Two Bulgarian ancient customs

Two Bulgarian ancient customs

2 minutes to read

Bulgaria`s history goes back millennia in time. The two most interesting traditions, connected to our past as the Thracians, are not only the tales about a nation which never dies. They represent the Bulgarian spirit and perseverance through time. Those traditions are still alive, and they are a part of the reasons behind the endurance of the country for many years. Here, I present you two ancient customs that Bulgarians perform - one is swimming in the ice-cold water during Epiphany in January, and the other one is walking on fire in June.

Swimming in ice-cold water

This traditional ritual of swimming in the ice-cold water is performed on a very special day – the 6th of January (the St. Jordan day) or as it is also known in the Christian countries – Epiphany day. On this day, Jesus Christ was baptized – 12 days after his birth. The ritual is only performed by men and takes place in every city, town or village, where there is a water basin, and on the seaside where the people get into the sea in order to perform it. The biggest celebration on this day is in the town of Kalofer. The town priest brings a sanctified cross and throws it in the river. The water in the river is almost always either frozen or very cold. The participants in the ritual wear national folklore costumes. As soon as the cross disappears under the water surface, the men get into the river, while singing and cheering. The goal is to find the cross. Whoever finds it, will be healthy throughout the year. The whole process does not last long, but after the cross is found, each one of the thousands in the audience is welcome to get into the ice-cold water for health and good luck.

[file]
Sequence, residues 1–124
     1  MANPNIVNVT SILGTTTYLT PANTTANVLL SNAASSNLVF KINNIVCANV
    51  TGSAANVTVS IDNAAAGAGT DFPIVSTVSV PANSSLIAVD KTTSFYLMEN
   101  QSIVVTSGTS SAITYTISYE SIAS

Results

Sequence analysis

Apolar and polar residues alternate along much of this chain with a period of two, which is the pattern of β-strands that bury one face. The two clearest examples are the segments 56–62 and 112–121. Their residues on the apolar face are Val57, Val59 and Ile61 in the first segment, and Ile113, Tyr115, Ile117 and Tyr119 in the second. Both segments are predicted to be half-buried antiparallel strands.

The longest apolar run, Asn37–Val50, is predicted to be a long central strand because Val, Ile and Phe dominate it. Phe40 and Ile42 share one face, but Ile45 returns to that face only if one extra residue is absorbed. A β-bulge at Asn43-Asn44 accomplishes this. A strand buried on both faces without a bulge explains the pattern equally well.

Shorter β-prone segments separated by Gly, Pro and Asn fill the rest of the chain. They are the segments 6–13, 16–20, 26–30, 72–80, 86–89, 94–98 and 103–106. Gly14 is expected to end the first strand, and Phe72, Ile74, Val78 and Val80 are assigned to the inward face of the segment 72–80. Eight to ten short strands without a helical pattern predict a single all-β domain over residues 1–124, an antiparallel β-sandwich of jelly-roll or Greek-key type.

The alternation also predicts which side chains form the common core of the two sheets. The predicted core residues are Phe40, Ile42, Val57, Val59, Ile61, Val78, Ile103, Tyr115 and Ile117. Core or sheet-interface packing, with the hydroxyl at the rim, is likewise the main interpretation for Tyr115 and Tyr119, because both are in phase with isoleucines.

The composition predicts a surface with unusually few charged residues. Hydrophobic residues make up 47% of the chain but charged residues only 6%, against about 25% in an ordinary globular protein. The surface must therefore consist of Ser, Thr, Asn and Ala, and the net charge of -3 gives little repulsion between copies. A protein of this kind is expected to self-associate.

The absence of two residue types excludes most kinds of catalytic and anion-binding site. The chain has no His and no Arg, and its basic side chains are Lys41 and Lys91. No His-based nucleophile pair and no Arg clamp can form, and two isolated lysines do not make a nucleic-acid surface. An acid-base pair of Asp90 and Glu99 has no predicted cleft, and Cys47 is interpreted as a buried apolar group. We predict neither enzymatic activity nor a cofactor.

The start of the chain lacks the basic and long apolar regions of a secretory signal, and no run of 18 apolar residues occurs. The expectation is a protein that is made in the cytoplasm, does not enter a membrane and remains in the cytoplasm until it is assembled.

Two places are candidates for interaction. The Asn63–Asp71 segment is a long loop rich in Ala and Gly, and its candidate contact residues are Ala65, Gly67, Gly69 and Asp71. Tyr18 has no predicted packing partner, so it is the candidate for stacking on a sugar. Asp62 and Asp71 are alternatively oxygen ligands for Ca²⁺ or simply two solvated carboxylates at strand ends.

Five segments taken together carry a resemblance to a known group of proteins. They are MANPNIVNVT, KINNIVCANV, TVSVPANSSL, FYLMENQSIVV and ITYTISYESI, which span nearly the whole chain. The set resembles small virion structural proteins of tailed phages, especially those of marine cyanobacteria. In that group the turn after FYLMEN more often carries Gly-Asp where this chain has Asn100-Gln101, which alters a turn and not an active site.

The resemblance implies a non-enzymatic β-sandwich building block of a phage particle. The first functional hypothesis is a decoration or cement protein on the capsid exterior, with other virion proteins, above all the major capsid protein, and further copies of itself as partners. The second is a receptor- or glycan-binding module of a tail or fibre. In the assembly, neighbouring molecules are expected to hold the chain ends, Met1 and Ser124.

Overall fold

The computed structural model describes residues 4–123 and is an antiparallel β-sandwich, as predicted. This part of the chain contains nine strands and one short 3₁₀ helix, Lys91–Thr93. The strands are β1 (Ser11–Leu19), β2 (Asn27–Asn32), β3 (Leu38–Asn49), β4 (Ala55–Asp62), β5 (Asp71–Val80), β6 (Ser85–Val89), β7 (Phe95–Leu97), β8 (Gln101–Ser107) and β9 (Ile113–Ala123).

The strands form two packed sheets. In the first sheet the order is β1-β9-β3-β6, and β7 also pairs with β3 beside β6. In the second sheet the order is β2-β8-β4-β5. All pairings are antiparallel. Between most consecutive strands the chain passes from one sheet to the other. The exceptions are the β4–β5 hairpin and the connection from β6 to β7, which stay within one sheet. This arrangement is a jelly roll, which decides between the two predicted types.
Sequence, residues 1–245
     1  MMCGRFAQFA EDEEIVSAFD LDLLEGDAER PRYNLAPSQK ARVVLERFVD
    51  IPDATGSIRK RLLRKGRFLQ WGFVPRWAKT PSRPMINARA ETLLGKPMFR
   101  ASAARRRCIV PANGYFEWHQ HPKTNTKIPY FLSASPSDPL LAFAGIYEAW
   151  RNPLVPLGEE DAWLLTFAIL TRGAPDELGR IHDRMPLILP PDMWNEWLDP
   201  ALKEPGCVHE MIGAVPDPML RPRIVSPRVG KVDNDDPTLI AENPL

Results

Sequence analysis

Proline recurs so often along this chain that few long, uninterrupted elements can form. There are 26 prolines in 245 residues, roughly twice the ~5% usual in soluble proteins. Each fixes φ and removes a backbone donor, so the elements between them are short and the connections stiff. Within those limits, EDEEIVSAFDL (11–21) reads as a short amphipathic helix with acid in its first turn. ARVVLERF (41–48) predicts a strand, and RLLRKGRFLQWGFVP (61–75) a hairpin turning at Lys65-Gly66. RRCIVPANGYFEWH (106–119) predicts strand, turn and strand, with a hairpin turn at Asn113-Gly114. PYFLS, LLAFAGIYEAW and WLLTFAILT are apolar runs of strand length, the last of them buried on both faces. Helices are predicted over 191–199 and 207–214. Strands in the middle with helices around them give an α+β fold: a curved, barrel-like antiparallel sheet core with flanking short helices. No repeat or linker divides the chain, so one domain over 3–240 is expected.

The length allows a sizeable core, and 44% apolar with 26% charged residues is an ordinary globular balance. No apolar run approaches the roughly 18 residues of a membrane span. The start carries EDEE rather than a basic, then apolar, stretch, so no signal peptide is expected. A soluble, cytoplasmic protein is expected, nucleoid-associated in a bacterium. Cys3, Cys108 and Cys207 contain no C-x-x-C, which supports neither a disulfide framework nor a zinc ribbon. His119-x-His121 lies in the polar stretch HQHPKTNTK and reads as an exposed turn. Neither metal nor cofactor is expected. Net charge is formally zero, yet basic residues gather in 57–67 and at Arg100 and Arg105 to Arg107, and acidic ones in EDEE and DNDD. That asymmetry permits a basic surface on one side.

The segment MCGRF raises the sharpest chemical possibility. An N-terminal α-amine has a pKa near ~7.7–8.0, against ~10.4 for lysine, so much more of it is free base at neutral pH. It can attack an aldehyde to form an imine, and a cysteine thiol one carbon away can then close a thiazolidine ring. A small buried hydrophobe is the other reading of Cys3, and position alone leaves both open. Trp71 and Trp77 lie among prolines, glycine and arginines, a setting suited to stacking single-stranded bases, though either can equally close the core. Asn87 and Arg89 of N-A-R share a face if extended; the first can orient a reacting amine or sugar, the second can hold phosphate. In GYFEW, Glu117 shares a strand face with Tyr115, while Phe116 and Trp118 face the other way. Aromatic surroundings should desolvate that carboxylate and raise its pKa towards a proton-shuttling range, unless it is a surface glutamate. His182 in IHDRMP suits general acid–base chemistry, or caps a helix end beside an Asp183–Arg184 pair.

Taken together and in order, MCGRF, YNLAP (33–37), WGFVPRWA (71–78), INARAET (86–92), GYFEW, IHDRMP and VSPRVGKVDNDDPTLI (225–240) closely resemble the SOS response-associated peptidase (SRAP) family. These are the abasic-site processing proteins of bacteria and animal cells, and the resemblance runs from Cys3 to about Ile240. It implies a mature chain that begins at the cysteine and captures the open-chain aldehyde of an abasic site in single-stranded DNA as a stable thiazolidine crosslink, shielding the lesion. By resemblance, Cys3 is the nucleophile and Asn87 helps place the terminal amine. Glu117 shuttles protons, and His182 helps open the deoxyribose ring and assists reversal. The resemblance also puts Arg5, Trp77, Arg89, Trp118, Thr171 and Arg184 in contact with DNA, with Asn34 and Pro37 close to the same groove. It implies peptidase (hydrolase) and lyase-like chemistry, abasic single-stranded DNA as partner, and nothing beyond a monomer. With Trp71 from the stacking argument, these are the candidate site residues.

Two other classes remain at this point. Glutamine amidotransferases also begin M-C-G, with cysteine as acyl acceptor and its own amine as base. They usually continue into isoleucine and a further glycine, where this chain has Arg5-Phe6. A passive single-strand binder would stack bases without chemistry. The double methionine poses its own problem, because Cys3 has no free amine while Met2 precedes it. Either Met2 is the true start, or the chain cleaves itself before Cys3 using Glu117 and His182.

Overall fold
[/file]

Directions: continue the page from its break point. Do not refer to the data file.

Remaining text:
Epiphany day in Kalofer, Bulgaria
Epiphany day in Kalofer, Bulgaria
Photo © credits to iStockphoto.com/Cylonphoto
Photo © credits to iStockphoto.com/Cylonphoto

Walking on fire

The second ritual of walking on fire also dates back far in time. It is performed on a very special day – on the 3rd of June, which is the day of St. Constantine and St. Elena. The performers are men and women, and they also wear Bulgarian folklore clothing while performing the ritual. They gather in a village called Bulgari to do it. A big fire is lit up and kept burning throughout the day. In the evening, the fire is put out, and now is time for the performers to step in. Literally. They walk on the burning coals, barefoot. They dance and talk or sing with holy objects in their hands – an icon, a piece of cloth, an icon-lamp. The words are specially chosen, they have a sacred, ancient meaning. The performers fall into a trance under the sound of Bulgarian folklore music. They walk fast with very small steps – in this way they don`t feel the burning ground under their bare skin. According to Bulgarian sayings, the ritual goes back to the time when the Thracian tribes inhabited those areas. This ritual performance is a direct tribute to the Sun as a symbol of the new life.

Nestinari in Bulgari village, Bulgaria
Nestinari in Bulgari village, Bulgaria
8274 Balgari, Bulgaria
Photo © credits to iStockphoto.com/Cylonphoto
Photo © credits to iStockphoto.com/Cylonphoto

Bulgarians may have their ups and downs as a nation, and may not be the strongest one, but those two rituals are proof that as long as we keep traditions such as those alive, the nation will never die. And those two Bulgarian ancient customs are kept alive!

Cover photo © credits to iStockphoto.com/Cappan

The author

Maria Belcheva

Maria Belcheva

My name is Maria, and I am a Bulgarian living in Vienna, Austria. I want to take you on a journey around all the amazing places and things worth visiting and experiencing in my homeland - Bulgaria.

Stories you might also like